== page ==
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Students’ Responses to Flipping Applied Fluids from Instructor-centered to Student-centered Using Problem-based Learning Paradigm

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2019 ASEE Annual Conference & Exposition


Tampa, Florida

Publication Date

June 15, 2019

Start Date

June 15, 2019

End Date

June 19, 2019

Conference Session

A Technology Potpourri II

Tagged Division

Engineering Technology

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Paper Authors


Maher Shehadi Purdue Polytechnic Institute

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Dr. Shehadi is an Assistant Professor of Mechanical Engineering Technology (MET) at Purdue University. His academic experiences have focused on learning and discovery in areas related to HVAC, indoor air quality, human thermal comfort, and energy conservation. While working with industry, he oversaw maintenance and management programs for various facilities including industrial plants, high rise residential and commercial buildings, energy audits and condition surveys for various mechanical and electrical and systems. He has conducted several projects to reduce emission impacts of buildings by evaluating and improving the energy practices through the integration of sustainable systems with existing systems. His current research focuses on engaging and educating students in sustainable and green buildings' design and energy conservation. He is currently investigating various ways to reduce energy consumption in office buildings.

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Fluid Mechanics is a major course in the Mechanical Engineering and Mechanical Engineering Technology programs. The course has been traditionally taught in a conventional way in the School of Engineering Technology at (university name removed). However, due to raising market demands the employers are seeking more than knowledge gained in a traditional class and are rather looking into higher logical thinking level, team work skills and leadership, complex problem solving and communication capabilities. This necessitate using more student-centered approaches rather than instructor-based focused learning approaches where students are more engaged in the learning environment in class.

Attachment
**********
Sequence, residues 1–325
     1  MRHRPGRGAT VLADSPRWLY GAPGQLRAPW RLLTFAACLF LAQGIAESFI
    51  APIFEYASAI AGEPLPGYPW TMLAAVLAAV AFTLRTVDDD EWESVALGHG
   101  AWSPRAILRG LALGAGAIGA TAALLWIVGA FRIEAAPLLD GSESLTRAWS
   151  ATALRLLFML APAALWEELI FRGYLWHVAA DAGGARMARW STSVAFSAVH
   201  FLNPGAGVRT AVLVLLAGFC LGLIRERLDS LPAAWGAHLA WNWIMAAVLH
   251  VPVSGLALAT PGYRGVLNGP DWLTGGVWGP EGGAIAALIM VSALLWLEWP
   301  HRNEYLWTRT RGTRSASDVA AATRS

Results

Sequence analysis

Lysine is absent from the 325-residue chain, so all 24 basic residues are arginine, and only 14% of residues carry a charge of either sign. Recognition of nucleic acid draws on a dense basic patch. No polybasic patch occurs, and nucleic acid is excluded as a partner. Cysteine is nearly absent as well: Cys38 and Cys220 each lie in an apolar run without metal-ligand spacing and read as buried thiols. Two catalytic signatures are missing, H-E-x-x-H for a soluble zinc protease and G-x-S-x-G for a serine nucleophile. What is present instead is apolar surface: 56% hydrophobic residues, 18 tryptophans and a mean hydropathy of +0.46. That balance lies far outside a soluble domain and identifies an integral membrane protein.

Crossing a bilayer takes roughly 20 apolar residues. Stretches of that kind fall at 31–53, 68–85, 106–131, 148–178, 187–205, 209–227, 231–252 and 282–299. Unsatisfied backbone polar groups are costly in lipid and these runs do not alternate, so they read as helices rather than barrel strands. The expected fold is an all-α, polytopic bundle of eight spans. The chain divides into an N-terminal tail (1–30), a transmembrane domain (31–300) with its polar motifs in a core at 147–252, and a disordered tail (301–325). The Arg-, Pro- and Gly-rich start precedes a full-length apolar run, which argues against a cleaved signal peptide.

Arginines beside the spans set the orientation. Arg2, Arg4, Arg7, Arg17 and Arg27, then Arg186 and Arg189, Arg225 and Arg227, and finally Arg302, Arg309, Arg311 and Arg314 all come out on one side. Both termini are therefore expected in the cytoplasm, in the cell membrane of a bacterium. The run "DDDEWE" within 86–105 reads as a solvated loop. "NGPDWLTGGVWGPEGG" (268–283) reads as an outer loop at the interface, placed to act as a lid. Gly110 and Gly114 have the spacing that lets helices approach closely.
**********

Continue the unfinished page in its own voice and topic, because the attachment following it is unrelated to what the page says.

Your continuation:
This paper presents a set of activities used in Applied Fluid Mechanics course to partially flip it from being an instructor-centered to a student-centered course using problem based learning (PBL) paradigm. The course was divided into three major modules covering the required course learning outcomes as set by the department and ABET guidelines for the college. The paper describes the implementation and outcomes of applying multiple active learning exercises or activities. Each activity covered certain course learning outcomes while engaging the students in a team oriented and active learning environment. The effectiveness of the applied approaches and students’ outcomes were evaluated using instructor observations, students’ scores for submitted reports and test scores, as well. The paper also summarized surveys given to students asking for their feedback following each activity. The outcomes of the applied activities can help in meeting ABET learning outcomes such as team work, applying engineering knowledge, critical and logical thinking, problem solving and communication skills. The average GPA was approximately 5% higher when applying these activities to the course and comparing them to scores obtained when teaching the course with no added activities.

Shehadi, M. (2019, June), Students’ Responses to Flipping Applied Fluids from Instructor-centered to Student-centered Using Problem-based Learning Paradigm Paper presented at 2019 ASEE Annual Conference & Exposition , Tampa, Florida. 10.18260/1-2--33317

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